Environmentally friendly metals: Aurubis concludes ammonia tests and plans to intensify cooperation with ADNOC
Hamburg | Thursday, November 9, 2023
- Ammonia ideal carrier for new energy source hydrogen; additional building block in decarbonization strategy
- Further cooperation with ADNOC targeted to expand the first joint hydrogen supply chain
- Aurubis CEO Roland Harings: “Through our R&D, we will continue to advance the use of carbon-free energy in production”
On the path towards carbon-neutral production well before 2050, multimetal manufacturer and copper recycler Aurubis AG is decisively driving the use of innovative, carbon-free energy sources: As part of its comprehensive decarbonization strategy, the company has now successfully completed a test series using ammonia instead of natural gas in industrial production at the Hamburg plant. Following testing, Aurubis is pursuing strategic cooperation in the area of hydrogen with ADNOC, the supplier of the low-carbon ammonia for the test series in Aurubis’ production. Today, both companies signed a letter of intent.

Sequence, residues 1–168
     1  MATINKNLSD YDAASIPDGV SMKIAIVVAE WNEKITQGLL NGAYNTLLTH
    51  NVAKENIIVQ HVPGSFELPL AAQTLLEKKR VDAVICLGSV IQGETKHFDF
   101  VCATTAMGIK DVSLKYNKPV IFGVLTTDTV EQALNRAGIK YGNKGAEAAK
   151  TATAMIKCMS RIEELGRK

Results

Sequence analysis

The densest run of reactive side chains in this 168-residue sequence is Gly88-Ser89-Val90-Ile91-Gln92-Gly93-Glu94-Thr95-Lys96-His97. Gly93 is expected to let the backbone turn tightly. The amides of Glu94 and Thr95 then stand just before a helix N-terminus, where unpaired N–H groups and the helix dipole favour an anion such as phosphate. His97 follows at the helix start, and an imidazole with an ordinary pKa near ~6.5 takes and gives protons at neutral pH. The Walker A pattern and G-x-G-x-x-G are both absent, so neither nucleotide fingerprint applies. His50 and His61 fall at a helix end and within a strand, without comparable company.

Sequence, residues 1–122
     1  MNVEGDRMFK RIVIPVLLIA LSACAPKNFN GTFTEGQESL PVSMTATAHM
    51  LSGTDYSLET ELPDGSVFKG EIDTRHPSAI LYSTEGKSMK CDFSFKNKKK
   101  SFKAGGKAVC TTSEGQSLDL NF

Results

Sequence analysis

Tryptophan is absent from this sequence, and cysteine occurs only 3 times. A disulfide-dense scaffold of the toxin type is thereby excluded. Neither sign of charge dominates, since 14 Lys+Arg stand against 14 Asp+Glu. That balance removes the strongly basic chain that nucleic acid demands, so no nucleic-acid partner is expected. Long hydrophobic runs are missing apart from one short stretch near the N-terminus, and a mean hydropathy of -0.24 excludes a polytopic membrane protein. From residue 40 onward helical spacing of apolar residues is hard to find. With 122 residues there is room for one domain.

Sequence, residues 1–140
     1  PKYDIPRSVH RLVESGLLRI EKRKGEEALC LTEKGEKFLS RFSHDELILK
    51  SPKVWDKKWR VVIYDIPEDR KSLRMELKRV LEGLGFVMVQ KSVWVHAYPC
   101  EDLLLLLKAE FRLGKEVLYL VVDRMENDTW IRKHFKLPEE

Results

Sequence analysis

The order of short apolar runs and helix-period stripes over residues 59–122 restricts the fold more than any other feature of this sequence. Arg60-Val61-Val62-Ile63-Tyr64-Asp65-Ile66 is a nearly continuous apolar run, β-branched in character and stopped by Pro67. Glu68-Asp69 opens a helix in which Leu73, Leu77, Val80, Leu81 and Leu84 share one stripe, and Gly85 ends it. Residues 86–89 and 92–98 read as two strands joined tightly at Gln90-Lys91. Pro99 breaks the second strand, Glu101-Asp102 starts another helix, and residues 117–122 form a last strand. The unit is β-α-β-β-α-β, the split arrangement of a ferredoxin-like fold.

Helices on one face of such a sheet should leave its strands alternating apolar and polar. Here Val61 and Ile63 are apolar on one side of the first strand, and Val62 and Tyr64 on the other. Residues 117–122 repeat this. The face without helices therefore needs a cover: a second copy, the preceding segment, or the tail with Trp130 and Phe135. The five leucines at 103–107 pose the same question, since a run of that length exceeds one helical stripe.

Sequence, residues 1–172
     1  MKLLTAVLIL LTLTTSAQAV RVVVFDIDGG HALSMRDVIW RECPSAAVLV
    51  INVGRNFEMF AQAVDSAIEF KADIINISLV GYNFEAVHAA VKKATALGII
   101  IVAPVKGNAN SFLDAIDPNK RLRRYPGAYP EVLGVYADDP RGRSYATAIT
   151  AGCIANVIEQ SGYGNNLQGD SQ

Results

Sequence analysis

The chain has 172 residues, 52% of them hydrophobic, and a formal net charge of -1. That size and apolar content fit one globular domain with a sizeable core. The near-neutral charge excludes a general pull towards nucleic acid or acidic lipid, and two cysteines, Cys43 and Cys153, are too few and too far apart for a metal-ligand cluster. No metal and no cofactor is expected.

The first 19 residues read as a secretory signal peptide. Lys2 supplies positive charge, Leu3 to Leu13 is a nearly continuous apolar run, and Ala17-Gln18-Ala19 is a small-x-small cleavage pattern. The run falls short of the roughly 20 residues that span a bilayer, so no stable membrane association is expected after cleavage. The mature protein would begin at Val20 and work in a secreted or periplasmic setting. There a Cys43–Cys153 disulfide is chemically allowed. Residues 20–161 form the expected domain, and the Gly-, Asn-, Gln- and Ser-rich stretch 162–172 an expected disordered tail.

“Aurubis views itself as responsible for helping shape the green transformation in industry, which is why we’re laying the groundwork for new, fossil-free energy sources,” Aurubis CEO Roland Harings said.
In a strategic partnership with ADNOC, we see the potential to expand our first joint hydrogen supply chain, and therefore to push the decarbonization of our copper production forward.
Chief Executive Officer
To achieve the transition to comprehensive sustainability, Germany's industry needs new, climate-neutral energy sources. This applies in particular to the energy-intensive production of metals. In turn, secure metal raw materials are crucial to the success of the green transformation. Without energy security there can be no raw materials transition, and without raw materials security there can be no energy transition. The expansion of supply cooperations and partnerships for alternative, low-emission energy sources is therefore an important contribution to the German federal government's goal of advancing energy security.